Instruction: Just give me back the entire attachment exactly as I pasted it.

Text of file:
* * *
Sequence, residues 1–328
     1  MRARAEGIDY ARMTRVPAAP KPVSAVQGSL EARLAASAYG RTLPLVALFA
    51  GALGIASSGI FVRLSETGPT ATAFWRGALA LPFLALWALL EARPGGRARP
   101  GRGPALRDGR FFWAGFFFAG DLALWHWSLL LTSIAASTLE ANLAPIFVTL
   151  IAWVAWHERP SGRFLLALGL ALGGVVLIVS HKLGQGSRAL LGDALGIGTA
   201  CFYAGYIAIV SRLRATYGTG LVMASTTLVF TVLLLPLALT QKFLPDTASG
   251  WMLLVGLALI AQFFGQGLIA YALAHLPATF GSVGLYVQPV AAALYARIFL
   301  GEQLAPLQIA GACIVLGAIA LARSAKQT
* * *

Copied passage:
Sequence, residues 1–328
     1  MRARAEGIDY ARMTRVPAAP KPVSAVQGSL EARLAASAYG RTLPLVALFA
    51  GALGIASSGI FVRLSETGPT ATAFWRGALA LPFLALWALL EARPGGRARP
   101  GRGPALRDGR FFWAGFFFAG DLALWHWSLL LTSIAASTLE ANLAPIFVTL
   151  IAWVAWHERP SGRFLLALGL ALGGVVLIVS HKLGQGSRAL LGDALGIGTA
   201  CFYAGYIAIV SRLRATYGTG LVMASTTLVF TVLLLPLALT QKFLPDTASG
   251  WMLLVGLALI AQFFGQGLIA YALAHLPATF GSVGLYVQPV AAALYARIFL
   301  GEQLAPLQIA GACIVLGAIA LARSAKQT